She’s one tough lady ... with a soft spot for kids and dolls


FRESH from her recent win, 2012 World Bodybuilding and Physique Federation (WBPF) World Championships’ gold medallist Lilian Tan, 41, wants to inspire the young to lead healthy lifestyles.

“I’d like to be a role model for students to eat right and exercise.

“Growing up, I never heard of children becoming diabetic unlike nowadays, so it’s really important to get them started on the right path from a young age.

“It would be great if I can be part of a food programme in schools that teaches children to eat right,” she said.

Like most girls, when she started training, the Penangite’s goal was modest enough — to be slim and have a flat tummy.

Then her competitive nature kicked in as the former swimmer’s body bulked up.

“I still get stares when I am in public and it does make me uncomfortable,” she said.

Tan noted an encouraging trend of more women doing weight training at the gyms these days.

“You can be a female bodybuilder and still wear a dress and high heels.

“My favourite colour is pink and I love dolls.

“Bodybuilding is my passion and I would never change who I am just to conform to what society expects me to look like.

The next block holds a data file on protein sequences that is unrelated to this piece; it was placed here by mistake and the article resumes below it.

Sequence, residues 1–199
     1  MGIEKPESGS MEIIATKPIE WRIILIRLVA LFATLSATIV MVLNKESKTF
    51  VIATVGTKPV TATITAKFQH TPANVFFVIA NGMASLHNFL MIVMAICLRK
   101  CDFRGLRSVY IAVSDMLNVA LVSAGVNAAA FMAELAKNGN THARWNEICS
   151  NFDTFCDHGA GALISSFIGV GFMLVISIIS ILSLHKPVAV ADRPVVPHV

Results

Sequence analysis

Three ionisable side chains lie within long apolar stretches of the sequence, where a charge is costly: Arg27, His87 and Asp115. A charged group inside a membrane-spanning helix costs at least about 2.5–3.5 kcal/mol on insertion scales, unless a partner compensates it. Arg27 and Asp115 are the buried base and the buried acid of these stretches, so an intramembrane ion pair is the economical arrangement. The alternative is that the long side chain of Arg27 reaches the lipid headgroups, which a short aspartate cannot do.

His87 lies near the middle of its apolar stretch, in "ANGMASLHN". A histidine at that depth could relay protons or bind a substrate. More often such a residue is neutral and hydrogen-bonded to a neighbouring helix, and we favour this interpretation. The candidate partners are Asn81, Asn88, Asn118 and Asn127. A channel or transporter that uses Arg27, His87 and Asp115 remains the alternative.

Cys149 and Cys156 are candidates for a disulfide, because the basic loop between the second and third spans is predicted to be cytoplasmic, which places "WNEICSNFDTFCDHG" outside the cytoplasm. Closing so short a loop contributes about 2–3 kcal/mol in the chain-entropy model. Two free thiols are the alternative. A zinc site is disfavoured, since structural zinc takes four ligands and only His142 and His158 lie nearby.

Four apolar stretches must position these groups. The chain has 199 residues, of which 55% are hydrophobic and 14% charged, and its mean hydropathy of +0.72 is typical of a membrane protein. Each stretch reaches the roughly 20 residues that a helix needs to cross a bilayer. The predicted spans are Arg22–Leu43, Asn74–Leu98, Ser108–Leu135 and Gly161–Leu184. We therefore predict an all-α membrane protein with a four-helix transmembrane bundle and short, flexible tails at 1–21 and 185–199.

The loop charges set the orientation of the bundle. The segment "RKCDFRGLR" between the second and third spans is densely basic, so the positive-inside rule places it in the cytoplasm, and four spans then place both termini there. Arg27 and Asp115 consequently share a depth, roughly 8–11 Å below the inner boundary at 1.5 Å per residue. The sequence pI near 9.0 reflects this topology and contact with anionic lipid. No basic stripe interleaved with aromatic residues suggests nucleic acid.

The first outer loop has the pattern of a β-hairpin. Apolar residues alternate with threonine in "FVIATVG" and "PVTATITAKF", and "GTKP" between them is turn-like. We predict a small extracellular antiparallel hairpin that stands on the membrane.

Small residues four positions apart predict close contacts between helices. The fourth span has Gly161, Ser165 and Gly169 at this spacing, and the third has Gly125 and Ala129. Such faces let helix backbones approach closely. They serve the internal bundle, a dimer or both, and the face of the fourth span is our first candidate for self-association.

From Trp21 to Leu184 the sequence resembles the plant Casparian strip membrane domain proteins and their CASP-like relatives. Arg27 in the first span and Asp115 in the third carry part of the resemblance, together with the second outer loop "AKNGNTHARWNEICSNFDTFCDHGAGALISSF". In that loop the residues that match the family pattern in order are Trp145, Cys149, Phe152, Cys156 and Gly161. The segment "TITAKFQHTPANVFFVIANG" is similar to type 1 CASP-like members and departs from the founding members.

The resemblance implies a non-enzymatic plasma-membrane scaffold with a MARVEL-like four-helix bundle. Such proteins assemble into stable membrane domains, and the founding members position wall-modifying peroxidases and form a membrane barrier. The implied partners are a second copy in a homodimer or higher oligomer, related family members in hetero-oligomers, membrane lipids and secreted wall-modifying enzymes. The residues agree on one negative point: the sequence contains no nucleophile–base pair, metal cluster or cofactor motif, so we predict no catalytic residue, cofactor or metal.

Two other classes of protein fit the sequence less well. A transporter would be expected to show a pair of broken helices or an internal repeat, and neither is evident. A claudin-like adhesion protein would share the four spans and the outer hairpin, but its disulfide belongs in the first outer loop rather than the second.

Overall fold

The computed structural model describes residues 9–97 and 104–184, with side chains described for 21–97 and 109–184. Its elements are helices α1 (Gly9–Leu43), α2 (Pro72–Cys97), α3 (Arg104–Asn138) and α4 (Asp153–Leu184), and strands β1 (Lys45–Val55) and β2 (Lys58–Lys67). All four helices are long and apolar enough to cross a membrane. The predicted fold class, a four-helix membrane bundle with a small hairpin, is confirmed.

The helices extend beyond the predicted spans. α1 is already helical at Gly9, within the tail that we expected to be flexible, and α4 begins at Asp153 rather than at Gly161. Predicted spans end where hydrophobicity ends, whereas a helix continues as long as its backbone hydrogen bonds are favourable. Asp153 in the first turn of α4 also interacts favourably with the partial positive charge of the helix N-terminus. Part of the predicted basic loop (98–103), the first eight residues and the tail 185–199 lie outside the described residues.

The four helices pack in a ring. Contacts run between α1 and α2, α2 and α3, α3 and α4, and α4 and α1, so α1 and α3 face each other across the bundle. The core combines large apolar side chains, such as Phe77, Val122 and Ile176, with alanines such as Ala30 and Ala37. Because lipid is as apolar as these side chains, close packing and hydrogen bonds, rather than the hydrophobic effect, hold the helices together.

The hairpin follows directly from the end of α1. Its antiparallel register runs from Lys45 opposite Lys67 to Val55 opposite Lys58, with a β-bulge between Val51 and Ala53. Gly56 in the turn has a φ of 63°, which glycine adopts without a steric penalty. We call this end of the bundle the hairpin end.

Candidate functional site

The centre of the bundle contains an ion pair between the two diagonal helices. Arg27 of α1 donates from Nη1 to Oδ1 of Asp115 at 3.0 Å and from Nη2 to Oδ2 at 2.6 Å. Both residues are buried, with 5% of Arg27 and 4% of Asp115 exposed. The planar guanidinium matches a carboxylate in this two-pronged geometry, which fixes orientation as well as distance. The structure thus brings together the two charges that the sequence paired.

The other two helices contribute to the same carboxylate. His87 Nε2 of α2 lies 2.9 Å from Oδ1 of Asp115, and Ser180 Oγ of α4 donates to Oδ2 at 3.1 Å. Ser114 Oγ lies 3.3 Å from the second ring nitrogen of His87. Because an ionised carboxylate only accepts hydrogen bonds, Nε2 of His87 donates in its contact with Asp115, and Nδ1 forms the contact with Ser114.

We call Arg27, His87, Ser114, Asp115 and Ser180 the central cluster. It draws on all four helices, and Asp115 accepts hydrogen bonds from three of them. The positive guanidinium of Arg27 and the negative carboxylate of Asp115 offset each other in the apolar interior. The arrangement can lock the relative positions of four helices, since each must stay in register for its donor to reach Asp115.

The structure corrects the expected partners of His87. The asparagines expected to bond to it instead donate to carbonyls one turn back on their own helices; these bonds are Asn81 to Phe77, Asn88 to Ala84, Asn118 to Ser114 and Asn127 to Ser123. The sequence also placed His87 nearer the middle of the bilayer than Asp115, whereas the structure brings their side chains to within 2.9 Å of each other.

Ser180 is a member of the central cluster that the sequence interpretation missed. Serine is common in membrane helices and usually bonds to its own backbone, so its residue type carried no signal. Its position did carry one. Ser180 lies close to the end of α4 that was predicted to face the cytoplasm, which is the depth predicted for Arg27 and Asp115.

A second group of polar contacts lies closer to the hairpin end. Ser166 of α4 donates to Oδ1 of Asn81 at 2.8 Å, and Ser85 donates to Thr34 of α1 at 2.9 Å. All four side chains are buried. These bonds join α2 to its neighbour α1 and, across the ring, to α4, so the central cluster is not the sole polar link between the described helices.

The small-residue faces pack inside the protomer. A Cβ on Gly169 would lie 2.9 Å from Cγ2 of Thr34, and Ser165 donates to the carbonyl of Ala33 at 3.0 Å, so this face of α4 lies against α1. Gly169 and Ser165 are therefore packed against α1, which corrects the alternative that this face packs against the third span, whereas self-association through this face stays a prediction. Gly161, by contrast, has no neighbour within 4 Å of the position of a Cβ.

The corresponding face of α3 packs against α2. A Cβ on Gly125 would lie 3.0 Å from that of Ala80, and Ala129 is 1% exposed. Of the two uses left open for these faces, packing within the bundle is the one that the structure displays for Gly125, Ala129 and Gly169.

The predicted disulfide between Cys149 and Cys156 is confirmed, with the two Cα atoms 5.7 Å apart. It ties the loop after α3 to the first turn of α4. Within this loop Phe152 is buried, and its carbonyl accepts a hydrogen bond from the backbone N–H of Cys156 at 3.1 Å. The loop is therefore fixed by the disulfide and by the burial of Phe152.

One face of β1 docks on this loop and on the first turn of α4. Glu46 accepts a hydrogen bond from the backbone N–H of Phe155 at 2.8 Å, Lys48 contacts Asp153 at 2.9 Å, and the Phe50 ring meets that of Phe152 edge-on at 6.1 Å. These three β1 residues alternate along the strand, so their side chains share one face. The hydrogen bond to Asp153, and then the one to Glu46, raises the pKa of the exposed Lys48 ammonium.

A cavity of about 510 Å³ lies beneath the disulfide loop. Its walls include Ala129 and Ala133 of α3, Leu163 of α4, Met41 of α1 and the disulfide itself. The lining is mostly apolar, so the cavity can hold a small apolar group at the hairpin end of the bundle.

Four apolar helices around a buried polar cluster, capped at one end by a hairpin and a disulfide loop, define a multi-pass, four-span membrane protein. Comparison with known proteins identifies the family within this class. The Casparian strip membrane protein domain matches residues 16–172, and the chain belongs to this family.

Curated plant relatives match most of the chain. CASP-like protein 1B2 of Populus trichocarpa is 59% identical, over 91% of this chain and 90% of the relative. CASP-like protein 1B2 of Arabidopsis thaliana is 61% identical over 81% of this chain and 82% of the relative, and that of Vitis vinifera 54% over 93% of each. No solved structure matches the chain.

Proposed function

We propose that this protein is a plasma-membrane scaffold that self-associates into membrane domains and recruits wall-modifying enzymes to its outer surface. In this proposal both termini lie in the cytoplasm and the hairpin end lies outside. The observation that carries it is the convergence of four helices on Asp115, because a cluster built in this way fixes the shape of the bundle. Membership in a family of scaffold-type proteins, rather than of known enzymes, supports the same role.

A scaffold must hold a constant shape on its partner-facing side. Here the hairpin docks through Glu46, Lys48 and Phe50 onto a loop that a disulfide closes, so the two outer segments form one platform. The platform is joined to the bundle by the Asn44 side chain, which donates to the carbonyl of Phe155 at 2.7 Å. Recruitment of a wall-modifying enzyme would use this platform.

“During competitions, even my boyfriend (former Mr Asia Terry Gallyot) comments that my body looks very manly but he respects me as a sportswoman,” she said.

The Kuala Lumpur-based personal trainer has no plans of retiring from the demanding sport for as long as she is physically able.

“I am my own coach and dietician.

“Of course I’d be willing to groom a predecessor but a lot of discipline is required,” she said.

Besides training hard six times a week, she observes a strict, lean diet every day.

“Most bodybuilders only observe a strict diet when the competition comes around but I watch what I eat 365 days a year,” she said.

Tan described her WBPF win in Bangkok last December as “proof” that Malaysian female bodybuilders are on par with the world’s best.

At 157cm tall, the petite lass said the shorter stature of Asian bodybuilders was not a disadvantage against their Western counterparts.

“They may have bigger frames but it’s all about your conditioning on the day of the competition.

“I am among the oldest female competitors at world meets but my advantage is my muscle mass and symmetry,” she said.

Warning aspiring bodybuilders against the use of performance enhancing drugs, she said “only when you train naturally will the results be consistent”.

She said the feeling of pride only comes when one competes on stage with a lean, beautiful and fit body sculpted out of discipline and hardwork.

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